Tuesday, 15 September 2020

SBB rolls out planned 2024 night train connections

 The Swiss Railways SBB joins ÖBB using the Nightjet trademark to deliver high-quality night sleeper trains connecting Zürich with various European cities.

Monday, 31 August 2020

The oldest electric locomotive in service leads you to the Valley of Hell

The oldest electric locomotive in service leads you to the Valley of Hell

The preparations

As the Wien-Raaber Bahn reached the feet of the Semmering pass and later on, as the pass railway (the world's first-ever mountain railway) was developed, the flourishing, wet, lumber-heavy valleys in the area attracted loads of investors. Neusiedler AG wanted to build a paper mill along the Schwarza river to exploit the dense pinewood forests of the area and therefore the planning of a standard-gauge railway from Südbahn's Payerbach-Reichenau station to Hirschwang (the village at the feet of the Raxalpe, to house the paper mill) and a branch to Prien, both electrified by DC, was started.

Friday, 22 May 2020

Photo of the Week: Narrow-gauge Freight on the Lillafüred Forestry Railway


The D02-508 is a class Mk48 diesel-hydraulic locomotive that serves on the 76-cm-gauge Lillafüred Forest Railway (Lillafüredi Erdei Vasút). Though freight service is discontinued and only tourist excursion trains are operated on the two-line network building trains need some goods cars and therefore sometimes train enthusiasts can organize colourful photo charters with them. On this occasion the Mk48 pulled the freight and the photographers travelled in a separate train hauled by a class C50 small diesel locomotive:

Friday, 15 May 2020

Photo of the Week: Small Locomotive, Big Use


The SBB Cargo Eem 923 027-7 is a dual-mode (diesel+electric, 15 kV 16.7 Hz+25 kV 50 Hz AC) light freight locomotive manufactured by Stadler Rail (Bussnang, Switzerland). A total number of 30 were built in 2011-2012 and their duties include regional freight trains and light shunting. This example was photographed at the Bern-Lötschberg-Simplonbahn's Spiez station. The versatile little locomotives have a maximum speed of 100 km/h and a power output of 1500 kW on electric and 360 kW on diesel power.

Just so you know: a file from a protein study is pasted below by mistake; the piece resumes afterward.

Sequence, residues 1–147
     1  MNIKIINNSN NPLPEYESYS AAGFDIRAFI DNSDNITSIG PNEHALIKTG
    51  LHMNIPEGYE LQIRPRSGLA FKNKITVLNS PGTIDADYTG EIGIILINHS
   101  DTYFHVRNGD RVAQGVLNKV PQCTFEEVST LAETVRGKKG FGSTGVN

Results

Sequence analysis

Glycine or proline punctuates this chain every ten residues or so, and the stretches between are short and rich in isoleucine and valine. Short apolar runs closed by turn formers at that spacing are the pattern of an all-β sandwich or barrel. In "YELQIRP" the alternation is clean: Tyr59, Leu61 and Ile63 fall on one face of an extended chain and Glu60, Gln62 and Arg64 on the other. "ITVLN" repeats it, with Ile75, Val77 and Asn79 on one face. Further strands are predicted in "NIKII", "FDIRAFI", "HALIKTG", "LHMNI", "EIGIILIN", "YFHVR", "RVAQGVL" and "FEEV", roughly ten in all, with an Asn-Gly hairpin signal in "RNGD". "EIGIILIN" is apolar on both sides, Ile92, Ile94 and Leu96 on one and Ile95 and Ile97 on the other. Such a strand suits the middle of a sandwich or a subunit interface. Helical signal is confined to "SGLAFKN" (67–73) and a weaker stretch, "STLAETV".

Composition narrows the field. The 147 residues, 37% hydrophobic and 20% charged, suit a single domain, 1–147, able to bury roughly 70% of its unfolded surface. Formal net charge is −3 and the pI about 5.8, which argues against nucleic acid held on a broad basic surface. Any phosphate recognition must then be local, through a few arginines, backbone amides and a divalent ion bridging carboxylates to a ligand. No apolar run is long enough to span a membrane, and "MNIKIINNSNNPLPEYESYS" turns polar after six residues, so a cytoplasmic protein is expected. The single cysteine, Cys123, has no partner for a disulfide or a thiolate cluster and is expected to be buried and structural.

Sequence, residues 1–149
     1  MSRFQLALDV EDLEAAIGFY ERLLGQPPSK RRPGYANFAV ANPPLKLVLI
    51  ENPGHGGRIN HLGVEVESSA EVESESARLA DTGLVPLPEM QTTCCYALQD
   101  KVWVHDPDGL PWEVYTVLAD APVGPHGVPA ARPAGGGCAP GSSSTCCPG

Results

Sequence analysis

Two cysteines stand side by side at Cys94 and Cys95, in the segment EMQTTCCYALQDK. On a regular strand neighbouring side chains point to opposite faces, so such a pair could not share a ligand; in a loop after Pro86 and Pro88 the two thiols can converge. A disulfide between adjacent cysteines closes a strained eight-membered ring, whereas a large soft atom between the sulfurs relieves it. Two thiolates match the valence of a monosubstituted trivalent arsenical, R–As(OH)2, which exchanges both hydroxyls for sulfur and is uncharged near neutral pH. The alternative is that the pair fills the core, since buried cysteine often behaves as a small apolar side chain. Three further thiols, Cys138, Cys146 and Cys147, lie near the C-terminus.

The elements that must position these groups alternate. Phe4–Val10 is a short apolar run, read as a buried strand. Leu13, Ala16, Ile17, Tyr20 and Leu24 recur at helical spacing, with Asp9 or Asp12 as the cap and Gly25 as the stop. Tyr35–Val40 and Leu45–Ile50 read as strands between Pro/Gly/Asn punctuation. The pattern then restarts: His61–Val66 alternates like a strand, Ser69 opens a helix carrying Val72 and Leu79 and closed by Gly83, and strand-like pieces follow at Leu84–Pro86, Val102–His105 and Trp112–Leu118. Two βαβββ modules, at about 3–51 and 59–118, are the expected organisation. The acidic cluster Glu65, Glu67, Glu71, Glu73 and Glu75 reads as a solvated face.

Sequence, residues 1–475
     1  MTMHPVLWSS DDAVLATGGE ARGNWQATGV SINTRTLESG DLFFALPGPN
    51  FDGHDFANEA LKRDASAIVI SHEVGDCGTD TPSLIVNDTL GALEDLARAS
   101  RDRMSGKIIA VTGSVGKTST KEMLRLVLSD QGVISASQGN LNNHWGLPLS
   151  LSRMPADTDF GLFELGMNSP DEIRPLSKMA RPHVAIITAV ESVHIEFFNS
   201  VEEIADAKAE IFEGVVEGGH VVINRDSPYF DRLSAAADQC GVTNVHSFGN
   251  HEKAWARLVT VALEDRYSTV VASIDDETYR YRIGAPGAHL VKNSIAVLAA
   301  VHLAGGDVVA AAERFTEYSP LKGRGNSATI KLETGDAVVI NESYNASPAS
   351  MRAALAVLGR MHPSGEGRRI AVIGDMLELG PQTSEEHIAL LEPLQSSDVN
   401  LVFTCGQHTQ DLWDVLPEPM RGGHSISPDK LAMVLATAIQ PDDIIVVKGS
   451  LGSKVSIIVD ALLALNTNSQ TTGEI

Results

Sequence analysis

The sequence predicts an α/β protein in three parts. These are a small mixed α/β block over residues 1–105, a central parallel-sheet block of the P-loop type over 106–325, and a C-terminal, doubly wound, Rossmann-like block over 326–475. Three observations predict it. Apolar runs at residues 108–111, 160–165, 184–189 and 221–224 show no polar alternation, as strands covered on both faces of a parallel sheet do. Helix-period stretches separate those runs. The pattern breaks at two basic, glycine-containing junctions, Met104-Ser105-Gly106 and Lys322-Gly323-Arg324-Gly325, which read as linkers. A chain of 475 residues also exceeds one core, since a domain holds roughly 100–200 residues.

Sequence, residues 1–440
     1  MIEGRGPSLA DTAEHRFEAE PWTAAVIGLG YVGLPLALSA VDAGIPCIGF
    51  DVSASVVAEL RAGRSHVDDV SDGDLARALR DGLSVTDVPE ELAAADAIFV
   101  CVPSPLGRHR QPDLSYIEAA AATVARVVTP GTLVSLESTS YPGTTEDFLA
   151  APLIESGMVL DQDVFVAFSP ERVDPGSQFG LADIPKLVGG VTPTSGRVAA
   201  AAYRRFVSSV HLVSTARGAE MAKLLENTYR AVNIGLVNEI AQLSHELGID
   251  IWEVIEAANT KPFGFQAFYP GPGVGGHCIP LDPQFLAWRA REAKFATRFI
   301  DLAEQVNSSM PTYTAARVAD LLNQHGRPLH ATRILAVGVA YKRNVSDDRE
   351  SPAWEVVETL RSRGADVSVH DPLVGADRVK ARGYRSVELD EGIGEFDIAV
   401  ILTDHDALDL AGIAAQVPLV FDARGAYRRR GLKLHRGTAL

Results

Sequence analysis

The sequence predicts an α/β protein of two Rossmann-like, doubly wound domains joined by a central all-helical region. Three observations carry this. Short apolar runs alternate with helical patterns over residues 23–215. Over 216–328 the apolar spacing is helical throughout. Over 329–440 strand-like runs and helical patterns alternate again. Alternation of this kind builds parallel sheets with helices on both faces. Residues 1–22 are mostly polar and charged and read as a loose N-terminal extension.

Friday, 8 May 2020

The Situation of Train Travel in Hungary

Currently, Hungary is going through gradual release after a semi-serious lockdown state, however, some restrictions are broken down more difficultly than others. Similarly to some other East-Central-Europe states, Hungary managed to cancel most of the capabilities of the Covid-19 virus to spread and the only major concern is the infection of many hospital workers and the internal spreading of the infection across different parts of the hospital, resulting in patients of other illnesses to be returning home infected; often to homes for the elderly or homeless shelters. Because of the very low level of infections in the outside world, the government's primary concern is the re-introduction of the virus through foreign visitors, so for any Hungarians returning from abroad a two-week quarantine at home is ordered.

Daily commuting is possible to some of the neighbouring states like Austria (without limits) or Slovakia (to 30 km distance from the border station). Other international travel is mostly prohibited or requires quarantine on both entry to the foreign country and re-entry home. Five designated states can have free business trips.

Photo of the Week: CFF Viseu

CFF Viseu de Sus is a narrow-gauge forestry railway situated in Northern Romania, in the Carpathian Mountains. In the warm half of the year, every weekend tourist steam trains take over the valley of the Vaser river and there are some occasional winter runnings as well. On weekends the railway still serves the original purpose, transporting lumber and lumberjacks. The excursion trains visit about half the length of the railway from Viseu to Paltin. Most steam locomotives used were at Resita or Reghin in Romania as a variant of the Hungarian MÁVAG class 490 design.

Wednesday, 25 March 2020

A colourful railroad before it went out of service

Line 76: Diósjenő to Romhány, Hungary

The beginning of the year is always problematic for me as a teacher to find time for writing. Now that we are practically locked down due to the Corona virus it is time to go on a trip in our imagination by a train instead of actually taking one. The best way to stay safe is to stay at home.
If I had to travel in my head then an obvious choice for me was a railway I could not travel on in real life anymore. This post is probably going to get rather sentimental, I hope you do not mind. Some railways I never even had the chance to travel on, some I missed out on before closure due to being obsessed with other things or not believing they were really going to do that. This line is different: I spent a lot of time on this railway and I think I can be content with the number of photos I have of it, also with the interesting events and trains I had captured on it before it was closed in March 2007.
Normally the blog would invite you on some of the most spectacular railway journeys in Europe. Despite the hilly scenery, this line is not a huge spectacle; it may be nice compared to the lowlands that dominate Hungary, but you will not feel the urge to immediately go and walk the railway now that trains are absent.